What's the Difference? Medicare vs MedicaidI was at a dinner party last night, people within hearing distance at the table were making polite conversation by discussing professions and careers. When it came, my turn to answer “What do you do?” I said, "I work for the Medicare division of a managed care company.” 

In unison, two people said, “What is the difference between Medicare and Medicaid?” One added, “Aren’t they the same?” A do-gooder next to me said, “No, Medicare covers medical and Medicaid covers prescriptions.” I didn’t want to embarrass the “do-gooder” so I gave a very brief description of the differences… but for you, my readers, I will go into more detail. 

What is the difference between Medicare and Medicaid? I’m so glad you asked.

Medicare and Medicaid

Medicare and Medicaid are both government-sponsored programs designed to help cover healthcare costs. While both were established by the federal government in 1965 and funded by taxpayers, they are very different programs. 

Medicare

Medicare is a federal program, attached to Social Security, serving people over 65, disabled people and dialysis patients – regardless of their income.  It is run by the Centers for Medicare & Medicaid Services, an agency of the federal government. Patients pay part of costs through deductibles and copayments on hospital stays, 20-35% of medical bills and copayments as well as deductibles on prescription coverages.   

The four-parts of Medicare include:

  • Part A - Hospitalization coverage
  • Part B - Medical insurance
  • Part C - Private insurance managed care through Managed Care Organizations
  • Part D - Prescription drug coverage

Parts A and B are paid for by payroll taxes and deductions from Social Security income.

Parts C and D are paid out-of-pocket by program participants.

In 2016, Part A (Hospital coverage), can cost up to $411 a month unless you qualify for premium-free coverage.  

Qualification for premium-free Part A at 65:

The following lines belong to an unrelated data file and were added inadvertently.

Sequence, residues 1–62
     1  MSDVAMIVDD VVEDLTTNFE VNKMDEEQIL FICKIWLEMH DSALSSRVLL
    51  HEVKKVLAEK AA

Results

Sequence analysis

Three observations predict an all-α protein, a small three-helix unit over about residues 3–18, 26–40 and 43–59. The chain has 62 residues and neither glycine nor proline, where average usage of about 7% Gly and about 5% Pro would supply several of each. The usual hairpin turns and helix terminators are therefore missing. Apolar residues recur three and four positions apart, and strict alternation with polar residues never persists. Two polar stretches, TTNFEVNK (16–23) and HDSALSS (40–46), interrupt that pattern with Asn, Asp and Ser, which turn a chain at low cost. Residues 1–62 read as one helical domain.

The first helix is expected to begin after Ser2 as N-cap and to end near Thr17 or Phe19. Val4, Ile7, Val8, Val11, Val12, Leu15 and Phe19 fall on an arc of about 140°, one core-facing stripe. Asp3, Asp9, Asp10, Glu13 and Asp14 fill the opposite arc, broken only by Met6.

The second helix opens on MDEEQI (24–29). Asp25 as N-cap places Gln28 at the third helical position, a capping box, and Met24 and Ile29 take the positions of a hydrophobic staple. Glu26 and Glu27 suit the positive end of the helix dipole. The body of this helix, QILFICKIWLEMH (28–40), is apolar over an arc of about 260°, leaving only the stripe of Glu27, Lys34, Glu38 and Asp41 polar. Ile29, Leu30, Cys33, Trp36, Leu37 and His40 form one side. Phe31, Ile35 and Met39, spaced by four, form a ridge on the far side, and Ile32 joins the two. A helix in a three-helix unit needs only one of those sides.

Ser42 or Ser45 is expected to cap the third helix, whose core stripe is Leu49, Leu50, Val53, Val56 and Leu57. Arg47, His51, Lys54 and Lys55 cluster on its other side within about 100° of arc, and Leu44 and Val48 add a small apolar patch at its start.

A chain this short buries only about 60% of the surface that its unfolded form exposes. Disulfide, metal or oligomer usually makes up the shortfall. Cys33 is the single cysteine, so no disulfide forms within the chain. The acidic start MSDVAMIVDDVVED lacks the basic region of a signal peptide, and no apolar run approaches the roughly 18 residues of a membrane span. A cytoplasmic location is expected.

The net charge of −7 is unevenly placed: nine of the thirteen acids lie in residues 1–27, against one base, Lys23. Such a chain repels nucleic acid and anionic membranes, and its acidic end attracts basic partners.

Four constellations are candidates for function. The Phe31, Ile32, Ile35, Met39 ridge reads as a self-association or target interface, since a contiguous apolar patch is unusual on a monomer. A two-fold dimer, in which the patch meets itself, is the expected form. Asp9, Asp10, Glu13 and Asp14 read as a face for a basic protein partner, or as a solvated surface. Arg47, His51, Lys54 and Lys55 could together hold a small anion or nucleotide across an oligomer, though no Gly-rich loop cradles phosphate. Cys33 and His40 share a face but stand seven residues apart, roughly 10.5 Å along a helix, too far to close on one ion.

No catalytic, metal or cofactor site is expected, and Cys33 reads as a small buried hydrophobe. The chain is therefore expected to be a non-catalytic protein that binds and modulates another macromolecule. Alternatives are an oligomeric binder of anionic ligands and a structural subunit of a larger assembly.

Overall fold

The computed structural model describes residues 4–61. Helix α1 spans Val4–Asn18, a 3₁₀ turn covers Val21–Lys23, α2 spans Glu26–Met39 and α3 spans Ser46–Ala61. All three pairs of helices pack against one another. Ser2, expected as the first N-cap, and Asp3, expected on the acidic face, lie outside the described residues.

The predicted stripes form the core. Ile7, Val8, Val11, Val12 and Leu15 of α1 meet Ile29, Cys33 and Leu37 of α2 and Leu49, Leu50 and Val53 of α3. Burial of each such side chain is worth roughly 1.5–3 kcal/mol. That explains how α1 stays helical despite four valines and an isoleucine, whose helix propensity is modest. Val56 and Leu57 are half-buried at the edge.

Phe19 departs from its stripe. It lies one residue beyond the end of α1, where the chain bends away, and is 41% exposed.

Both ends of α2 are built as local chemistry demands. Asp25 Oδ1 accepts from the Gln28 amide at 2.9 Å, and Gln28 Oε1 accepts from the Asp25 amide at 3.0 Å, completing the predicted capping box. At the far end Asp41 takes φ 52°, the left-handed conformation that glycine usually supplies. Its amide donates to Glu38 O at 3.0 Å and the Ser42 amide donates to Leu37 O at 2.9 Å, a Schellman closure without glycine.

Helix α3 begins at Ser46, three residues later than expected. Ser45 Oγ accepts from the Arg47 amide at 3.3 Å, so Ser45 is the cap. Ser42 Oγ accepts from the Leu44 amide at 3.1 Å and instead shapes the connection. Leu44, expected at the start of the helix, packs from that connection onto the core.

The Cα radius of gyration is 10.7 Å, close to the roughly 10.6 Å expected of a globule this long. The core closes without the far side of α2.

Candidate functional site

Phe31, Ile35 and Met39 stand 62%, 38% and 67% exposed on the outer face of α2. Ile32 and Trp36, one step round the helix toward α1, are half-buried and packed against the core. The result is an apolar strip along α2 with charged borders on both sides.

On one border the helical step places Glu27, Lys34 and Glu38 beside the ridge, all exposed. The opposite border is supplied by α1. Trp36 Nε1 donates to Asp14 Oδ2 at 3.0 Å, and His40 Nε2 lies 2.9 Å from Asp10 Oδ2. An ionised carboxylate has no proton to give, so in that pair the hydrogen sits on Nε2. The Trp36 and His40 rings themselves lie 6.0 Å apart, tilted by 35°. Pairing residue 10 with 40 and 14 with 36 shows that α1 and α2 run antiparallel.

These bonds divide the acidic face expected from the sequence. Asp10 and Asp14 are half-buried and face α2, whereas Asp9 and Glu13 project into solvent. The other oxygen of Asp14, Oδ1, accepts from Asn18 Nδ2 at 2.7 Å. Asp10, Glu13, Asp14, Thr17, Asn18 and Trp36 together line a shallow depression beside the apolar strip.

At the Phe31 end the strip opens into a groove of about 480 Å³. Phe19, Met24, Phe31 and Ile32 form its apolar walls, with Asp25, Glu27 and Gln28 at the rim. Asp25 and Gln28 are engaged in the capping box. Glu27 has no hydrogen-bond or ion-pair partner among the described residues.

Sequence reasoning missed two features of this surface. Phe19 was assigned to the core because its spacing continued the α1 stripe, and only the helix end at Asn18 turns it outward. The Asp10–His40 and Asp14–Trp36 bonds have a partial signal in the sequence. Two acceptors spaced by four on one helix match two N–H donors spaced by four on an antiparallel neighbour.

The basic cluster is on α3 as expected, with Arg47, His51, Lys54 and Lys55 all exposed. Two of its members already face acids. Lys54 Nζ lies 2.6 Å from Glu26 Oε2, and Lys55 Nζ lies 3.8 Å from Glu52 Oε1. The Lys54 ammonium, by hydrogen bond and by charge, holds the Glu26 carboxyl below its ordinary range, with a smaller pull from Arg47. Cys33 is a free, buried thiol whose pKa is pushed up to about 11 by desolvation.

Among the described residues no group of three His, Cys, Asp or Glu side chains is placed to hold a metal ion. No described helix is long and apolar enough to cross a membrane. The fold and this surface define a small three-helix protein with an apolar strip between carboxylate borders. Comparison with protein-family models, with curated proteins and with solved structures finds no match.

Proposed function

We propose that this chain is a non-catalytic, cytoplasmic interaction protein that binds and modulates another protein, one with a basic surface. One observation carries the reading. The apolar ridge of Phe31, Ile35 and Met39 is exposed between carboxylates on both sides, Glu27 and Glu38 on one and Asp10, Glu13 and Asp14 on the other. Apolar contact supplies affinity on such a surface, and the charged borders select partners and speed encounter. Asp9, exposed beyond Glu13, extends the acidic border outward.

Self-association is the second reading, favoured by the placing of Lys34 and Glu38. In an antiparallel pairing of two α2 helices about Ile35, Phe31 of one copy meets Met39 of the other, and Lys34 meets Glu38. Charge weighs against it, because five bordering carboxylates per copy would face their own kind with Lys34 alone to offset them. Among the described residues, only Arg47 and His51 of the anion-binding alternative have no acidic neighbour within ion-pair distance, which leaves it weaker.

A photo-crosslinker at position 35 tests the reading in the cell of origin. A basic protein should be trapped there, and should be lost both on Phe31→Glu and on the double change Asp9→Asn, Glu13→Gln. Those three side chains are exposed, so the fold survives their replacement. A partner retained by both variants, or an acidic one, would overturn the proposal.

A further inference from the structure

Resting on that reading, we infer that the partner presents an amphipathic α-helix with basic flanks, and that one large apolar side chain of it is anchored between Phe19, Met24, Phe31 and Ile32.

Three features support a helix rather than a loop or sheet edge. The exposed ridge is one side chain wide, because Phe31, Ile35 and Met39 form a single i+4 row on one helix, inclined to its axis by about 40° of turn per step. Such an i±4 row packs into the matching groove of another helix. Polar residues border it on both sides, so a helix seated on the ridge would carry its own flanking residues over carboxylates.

• Already receive retirement benefits from Social Security or the Railroad Retirement Board.
  • Eligible to get Social Security or Railroad benefits but haven't filed for them yet.
  • Enrollee or spouse had Medicare-covered government employment.

If under 65, qualification for premium-free Part A:

  • Received Social Security or Railroad Retirement Board disability benefits for 24 months.
  • Have End-Stage Renal Disease (ESRD) and meet certain requirements.

In 2016, Part B (Medical coverage), carried premiums based on income with the minimum amount being at least $121.80. There is also a $166.00 annual Part B deductible. After the deductible is met, there is a typically co-payment of 20% of the Medicare-approved amount for most doctor services (including most doctor services while hospitalized), outpatient therapy, and medical equipment. 

In 2016, Part D (Prescription drug coverage), also has a monthly premium as well as an annual deductible. Deductibles vary between Medicare drug plans but no deductible can be more than $360. Some Medicare drug plans don't have a deductible. Drug plan costs will vary depending on the following:

  • The drugs prescribed
  • The plan and coverage selected
  • Using a pharmacy in the plan's network vs an out of network pharmacy
  • Drug plan's formulary and drugs prescribed
  • Qualifying for assistance paying Medicare Part D costs

Medicaid

Medicaid, a joint federal and state program, serves low-income people of every age. The federal government funds up to 50% of the cost of each state's Medicaid program, with more affluent states receiving less funding than less affluent states. There are 50 different Medicaid programs, one for each state. Patients pay no part of costs for covered medical expenses.  

Medicaid has strict eligibility requirements. Rules vary by state. The program is designed to help the poor thus requiring recipients to have no more than a few thousand dollars in available assets and a qualifying maximum income. 

Services vary by state, but the federal government mandates coverage for the following services when deemed "medically necessary":

  • Hospitalization
  • Laboratory services
  • X-rays
  • Doctor services
  • Family planning
  • Nursing services
  • Medical and surgical dental services
  • Nursing facility services for people aged 21 or older
  • Home healthcare for people eligible for nursing facility services
  • Clinic treatment
  • Pediatric and family nurse practitioner services
  • Midwife services
  • Screening, diagnosis and treatment services for persons under age 21

Each state also has the option of including additional benefits, such as prescription drug coverage, optometrist services, eyeglasses, medical transportation, physical therapy, prosthetic devices and dental services.

The Bottom Line

The Medicare and Medicaid programs work together to provide medical coverage to elderly and poor people. Medicare is the primary medical coverage provider for many persons aged 65 and older and for those with a disability. Eligibility has nothing to do with income level. Meanwhile, Medicaid eligibility is designed for people with limited income and is often a program of last resort for those without access to other resources.

This is a brief description. For more information, please visit Medicare and Medicaid directly.